The Amago clan (尼子氏, Amago-shi), descended from the Emperor Uda (868–897) by the Kyogoku clan, descending from the Sasaki clan (Uda Genji).

The emblem (mon) of the Amago clan
Home provinceIzumo
Parent houseSasaki clan
FounderSasaki Takahisa
Final rulerAmago Yoshihisa
Founding year14th century
Ruled until1566, Fall of Gassantoda Castle

Kyogoku Takahisa in the 14th century, lived in Amako-go (Izumo Province), and took the name 'Amago'.[1] The family crest is also the one of the Kyogoku clan.

They were Shugodai (vice-Governors) of Izumo and Oki provinces for generations, for the Kyogoku Shugo branch , and their seat was Gassan Toda castle.

In 1484, Amago Tsunehisa (1458–1541), was deprived of the position of Shugodai by Kyogoku Masatsune, who was the Shugo, because he did not obey the request of tax from the Muromachi bakufu, and was expelled from Gassan Toda castle. Although Enya Kamonnosuke was dispatched to Gassan Toda castle as the new Shugodai, Tsunehisa recaptured Gassan Toda castle by a surprise attack in 1486, took control of Izumo, and developed the Amago clan into a Sengoku Daimyo clan.

The Amago fought the Ōuchi clan or the Mōri clan (who had been among their vassals), during Japan's Sengoku period.[1]

For much of the next hundred years, the clan battled with the Ōuchi and Mōri, who controlled neighboring provinces, and fell into decline when Gassantoda Castle fell to the Mōri in 1566.[1]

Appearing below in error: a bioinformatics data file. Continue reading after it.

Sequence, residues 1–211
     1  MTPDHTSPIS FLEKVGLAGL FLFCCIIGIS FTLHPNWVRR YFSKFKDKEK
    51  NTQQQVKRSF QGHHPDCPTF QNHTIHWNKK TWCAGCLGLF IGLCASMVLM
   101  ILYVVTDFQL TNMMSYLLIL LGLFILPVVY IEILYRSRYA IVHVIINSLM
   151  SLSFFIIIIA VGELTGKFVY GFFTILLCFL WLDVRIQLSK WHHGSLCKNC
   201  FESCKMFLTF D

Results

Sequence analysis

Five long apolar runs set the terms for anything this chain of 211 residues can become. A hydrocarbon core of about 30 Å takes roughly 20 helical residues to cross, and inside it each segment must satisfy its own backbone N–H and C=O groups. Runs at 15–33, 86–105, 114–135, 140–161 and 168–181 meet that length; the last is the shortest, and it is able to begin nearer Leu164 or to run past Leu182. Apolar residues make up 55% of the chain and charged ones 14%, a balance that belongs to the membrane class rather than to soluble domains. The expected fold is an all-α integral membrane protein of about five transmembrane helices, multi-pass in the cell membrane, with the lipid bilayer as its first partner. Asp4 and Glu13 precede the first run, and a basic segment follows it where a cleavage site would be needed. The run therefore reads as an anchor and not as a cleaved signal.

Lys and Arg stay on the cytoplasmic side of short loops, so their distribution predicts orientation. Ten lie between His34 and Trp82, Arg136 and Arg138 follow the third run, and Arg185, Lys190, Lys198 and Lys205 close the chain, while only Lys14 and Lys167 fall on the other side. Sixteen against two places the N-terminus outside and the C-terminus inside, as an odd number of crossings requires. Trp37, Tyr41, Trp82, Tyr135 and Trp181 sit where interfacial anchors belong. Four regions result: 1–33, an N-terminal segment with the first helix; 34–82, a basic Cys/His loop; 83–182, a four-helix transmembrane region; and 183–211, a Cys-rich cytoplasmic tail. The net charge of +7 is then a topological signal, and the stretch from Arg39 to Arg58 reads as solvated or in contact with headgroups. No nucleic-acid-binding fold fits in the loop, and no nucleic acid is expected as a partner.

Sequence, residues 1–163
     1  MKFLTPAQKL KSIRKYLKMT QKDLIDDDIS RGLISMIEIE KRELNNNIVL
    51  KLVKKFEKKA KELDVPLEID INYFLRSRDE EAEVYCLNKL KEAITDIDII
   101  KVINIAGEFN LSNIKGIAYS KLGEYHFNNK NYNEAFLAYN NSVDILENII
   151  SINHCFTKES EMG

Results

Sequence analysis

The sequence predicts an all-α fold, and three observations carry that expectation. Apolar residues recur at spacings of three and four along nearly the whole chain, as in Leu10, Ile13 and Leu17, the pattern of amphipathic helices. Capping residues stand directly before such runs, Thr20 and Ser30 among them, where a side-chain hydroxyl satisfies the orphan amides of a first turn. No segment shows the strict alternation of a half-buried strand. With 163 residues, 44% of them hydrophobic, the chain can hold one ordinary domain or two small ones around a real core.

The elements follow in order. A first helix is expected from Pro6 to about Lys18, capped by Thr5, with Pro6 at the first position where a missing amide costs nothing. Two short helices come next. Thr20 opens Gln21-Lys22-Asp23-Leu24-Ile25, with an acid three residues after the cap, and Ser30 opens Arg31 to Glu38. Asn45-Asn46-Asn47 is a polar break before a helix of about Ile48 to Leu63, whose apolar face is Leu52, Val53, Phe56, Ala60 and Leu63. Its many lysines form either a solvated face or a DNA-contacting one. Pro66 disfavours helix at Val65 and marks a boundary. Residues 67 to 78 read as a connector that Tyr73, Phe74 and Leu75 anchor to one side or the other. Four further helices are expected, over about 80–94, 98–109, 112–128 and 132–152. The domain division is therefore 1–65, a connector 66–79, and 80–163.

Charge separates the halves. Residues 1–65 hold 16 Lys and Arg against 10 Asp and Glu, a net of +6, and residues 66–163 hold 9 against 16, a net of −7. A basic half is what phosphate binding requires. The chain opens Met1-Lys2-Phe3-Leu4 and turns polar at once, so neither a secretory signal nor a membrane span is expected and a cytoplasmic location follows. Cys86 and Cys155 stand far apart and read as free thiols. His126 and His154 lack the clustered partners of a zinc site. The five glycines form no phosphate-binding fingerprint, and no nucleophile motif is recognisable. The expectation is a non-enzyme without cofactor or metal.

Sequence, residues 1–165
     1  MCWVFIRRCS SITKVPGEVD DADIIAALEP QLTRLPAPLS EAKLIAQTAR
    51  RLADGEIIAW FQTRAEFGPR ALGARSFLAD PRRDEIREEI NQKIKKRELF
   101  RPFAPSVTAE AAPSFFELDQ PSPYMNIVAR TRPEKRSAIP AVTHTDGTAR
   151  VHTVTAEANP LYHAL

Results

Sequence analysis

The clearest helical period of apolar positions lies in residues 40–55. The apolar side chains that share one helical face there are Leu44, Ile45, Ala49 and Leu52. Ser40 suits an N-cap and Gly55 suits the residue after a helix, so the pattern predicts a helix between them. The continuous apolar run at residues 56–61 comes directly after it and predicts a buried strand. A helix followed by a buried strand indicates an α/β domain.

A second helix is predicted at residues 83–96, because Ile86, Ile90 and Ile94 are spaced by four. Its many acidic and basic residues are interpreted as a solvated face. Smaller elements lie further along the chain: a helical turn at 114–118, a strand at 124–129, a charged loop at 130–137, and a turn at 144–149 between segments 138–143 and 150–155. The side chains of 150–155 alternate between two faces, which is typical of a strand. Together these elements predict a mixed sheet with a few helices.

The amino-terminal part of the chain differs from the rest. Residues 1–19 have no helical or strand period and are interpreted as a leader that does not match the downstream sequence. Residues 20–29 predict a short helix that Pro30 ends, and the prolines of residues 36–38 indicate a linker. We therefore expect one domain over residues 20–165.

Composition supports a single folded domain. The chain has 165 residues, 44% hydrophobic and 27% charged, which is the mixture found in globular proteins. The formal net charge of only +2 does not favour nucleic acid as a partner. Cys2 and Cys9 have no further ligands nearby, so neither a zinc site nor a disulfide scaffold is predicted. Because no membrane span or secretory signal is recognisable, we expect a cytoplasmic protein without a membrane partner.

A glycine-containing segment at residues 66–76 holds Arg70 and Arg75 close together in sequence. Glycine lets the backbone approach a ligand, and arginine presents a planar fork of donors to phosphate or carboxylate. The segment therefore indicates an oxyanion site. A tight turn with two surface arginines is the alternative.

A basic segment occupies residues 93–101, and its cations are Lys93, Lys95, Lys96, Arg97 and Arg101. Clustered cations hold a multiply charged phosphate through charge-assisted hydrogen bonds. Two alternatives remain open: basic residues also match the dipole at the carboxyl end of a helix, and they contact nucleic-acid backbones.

Amago Katsuhisa tried to regain prestige for the clan by joining the forces of Oda Nobunaga, invaded Tajima and Inaba provinces, but was defeated and died in the siege of Kōzuki by the Mōri in 1578.

Clan heads edit

  1. Amago Takahisa (尼子高久, 1363–1391)
  2. Amago Mochihisa (尼子持久, 1381–1437)
  3. Amago Kiyosada (尼子清定, 1410–1488)
  4. Amago Tsunehisa (尼子経久, 1458–1541)
  5. Amago Haruhisa (尼子晴久, 1514–1561)
  6. Amago Yoshihisa (尼子義久, 1540–1610)
  7. Amago Motosato (尼子元知, 1572 or 1598–1622)
  8. Amago Nariyasu (尼子就易, ? –1659)
  9. Amago Ujihisa (尼子氏久, 1646–1710)
  10. Amago Motouji (尼子元氏, ? –1730)
  11. Amago Tokihisa (尼子時久, 1690–1752)
  12. Amago Narikiyo (尼子就清, 1721–1788)
  13. Amago Fusataka (尼子房高, 1754–1827)
  14. Amago Motohisa (尼子元久)
  15. Amago Chikanobu (尼子親辰)
  16. Amago Michisuke (尼子道介)
  17. Amago Shigehisa (尼子薫久)
  18. Amago Torasuke (尼子寅介)

Notable members edit

Retainers and vassals edit

The Amago's chief generals were called Amago 10 Yushi (尼子十勇士).

Other vassals:

Amago Jikki edit

Amago clan's 10 castles (Defense network and 10 supporting castles of Gassantoda Castle called Amago Jikki.[2])

  • Shiraga Castle (白鹿城)
  • Mitoya Castle (三刀屋城)
  • Mizawa Castle (三沢城)
  • Akana Castle (赤穴城)
  • Ushio Catle (牛尾城)
  • Takase Castle (高瀬城)
  • Jinzai Castle (神西城)
  • Kumano Castle (熊野城)
  • Daisai Castle (大西城)
  • Maki Castle (真木城)

Gallery edit

References edit

  1. ^ a b c "Amago clan". kotobank. Retrieved 22 October 2021.
  2. ^ "尼子の山城 魅力化へ結集 出雲斐川60人 顕彰会発足". The San-in Chuo Shimpo. Retrieved 22 October 2021.

References edit

  • Frederic, Louis (2002). "Japan Encyclopedia." Cambridge, Massachusetts: Harvard University Press.